Duty: Memoirs of a Secretary at War
Duty: Memoirs of a Secretary at War
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From the former secretary of defense, a strikingly candid, vividly written account of his experience serving Presidents George W. Bush and Barack Obama during the wars in Iraq and Afghanistan.
Before Robert M. Gates received a call from the White House in 2006, he thought he’d left Washington politics behind: after working for six presidents in both the CIA and the National Security Council, he was happy in his role as president of Texas A&M University. But when he was asked to help a nation mired in two wars and to aid the troops doing the fighting, he answered what he felt was the call of duty. Now, in this unsparing memoir, meticulously fair in its assessments, he takes us behind the scenes of his nearly five years as a secretary at war: the battles with Congress, the two presidents he served, the military itself, and the vast Pentagon bureaucracy; his efforts to help Bush turn the tide in Iraq; his role as a guiding, and often dissenting, voice for Obama; the ardent devotion to and love for American soldiers—his “heroes”—he developed on the job.
In relating his personal journey as secretary, Gates draws us into the innermost sanctums of government and military power during the height of the Iraq and Afghanistan wars, illuminating iconic figures, vital negotiations, and critical situations in revealing, intimate detail. Offering unvarnished appraisals of Dick Cheney, Joe Biden, Hillary Clinton, and Presidents Bush and Obama among other key players, Gates exposes the full spectrum of behind-closed-doors politicking within both the Bush and Obama administrations.
He discusses the great controversies of his tenure—surges in both Iraq and Afghanistan, how to deal with Iran and Syria, “Don’t Ask Don’t Tell,” Guantánamo Bay, WikiLeaks—as they played out behind the television cameras. He brings to life the Situation Room during the Bin Laden raid. And, searingly, he shows how congressional debate and action or inaction on everything from equipment budgeting to troop withdrawals was often motivated, to his increasing despair and anger, more by party politics and media impact than by members’ desires to protect our soldiers and ensure their success.
However embroiled he became in the trials of Washington, Gates makes clear that his heart was always in the most important theater of his tenure as secretary: the front lines. We journey with him to both war zones as he meets with active-duty troops and their commanders, awed by their courage, and also witness him greet coffin after flag-draped coffin returned to U.S. soil, heartbreakingly aware that he signed every deployment order. In frank and poignant vignettes, Gates conveys the human cost of war, and his admiration for those brave enough to undertake it when necessary.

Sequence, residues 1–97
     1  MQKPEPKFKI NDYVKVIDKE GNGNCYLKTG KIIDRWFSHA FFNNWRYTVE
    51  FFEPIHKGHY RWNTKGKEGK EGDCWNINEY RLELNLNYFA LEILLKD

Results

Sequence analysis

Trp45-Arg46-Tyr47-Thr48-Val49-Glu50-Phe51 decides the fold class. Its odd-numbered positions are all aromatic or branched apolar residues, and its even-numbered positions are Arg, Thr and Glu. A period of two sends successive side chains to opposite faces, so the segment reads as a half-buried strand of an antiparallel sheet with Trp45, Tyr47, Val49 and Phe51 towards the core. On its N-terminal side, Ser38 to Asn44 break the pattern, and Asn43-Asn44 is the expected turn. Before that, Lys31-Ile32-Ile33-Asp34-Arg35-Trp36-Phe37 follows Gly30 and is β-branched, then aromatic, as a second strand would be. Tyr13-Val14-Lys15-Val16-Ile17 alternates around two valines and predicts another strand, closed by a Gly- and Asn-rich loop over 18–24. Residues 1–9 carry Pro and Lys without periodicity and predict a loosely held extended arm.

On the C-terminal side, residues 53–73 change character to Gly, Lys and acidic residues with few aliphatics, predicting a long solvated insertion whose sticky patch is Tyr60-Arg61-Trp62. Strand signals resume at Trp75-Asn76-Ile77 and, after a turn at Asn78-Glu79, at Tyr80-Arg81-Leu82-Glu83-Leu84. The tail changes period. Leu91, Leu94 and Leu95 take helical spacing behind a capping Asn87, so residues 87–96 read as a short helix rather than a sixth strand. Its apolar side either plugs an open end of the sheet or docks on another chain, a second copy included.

Duty tells a powerful and deeply personal story that allows us an unprecedented look at two administrations and the wars that have defined them.
with a chuckle, wished the Marine Corps the best with it. Finally, General Schwartz reported that the Air Force would grow from 300 UAV pilots to 1,100, underscoring that the service finally had embraced the future role of drones. He closed by asking the president and vice president to visit a bomber or missile base, before leaving office, to give a speech on the importance of nuclear deterrence. Finally, Admiral Eric Olson talked about Special Operations Command (responsible for training and
The election outcome was deeply marred by security problems but also large-scale fraud perpetrated by Karzai. He failed to get the magic 50 percent in the first round but still ended up with a second term. It was all ugly: our partner, the president of Afghanistan, was tainted, and our hands were dirty as well. The senior UN representative for Afghanistan, Ambassador Kai Eide, subsequently gave a report on the election to the NATO defense ministers during which he sat next to me. Before speaking
and I had traveled to Russia on several occasions for “two plus two” meetings with our counterparts and to meet with Putin and Medvedev, I visited Russia only once during my two and a half years working for Obama, and that was near the end of my tenure in 2011. There was not a single “two plus two” meeting during that period. I had regular bilateral discussions with Russian minister of defense Serdyukov at NATO sessions when the NATO-Russia Council met, but these rarely lasted more than half an
be on his terms, not those of Taliban chief Mullah Omar. He should negotiate from a position of strength, and I suggested he could probably do that by the coming autumn. I informed him that the request for an additional $30 billion needed to fund the surge would be before Congress about the time of his visit to the United States in May. “You could help Secretary Clinton and me,” I told him. As always, though—sorry to be predictable on the subject—the high point of the trip was getting out of
on the stage, someone was going to get the ax. I thought about faking them out a few times but thought better of it. A practice I developed in talking with student groups and others at Texas A&M was never to condescend to a questioner, or question the question. I would follow the same practice with reporters. The Pentagon is fortunate in having, on the whole, an experienced and capable group of reporters assigned to it, most of whom are interested in the substance of issues and not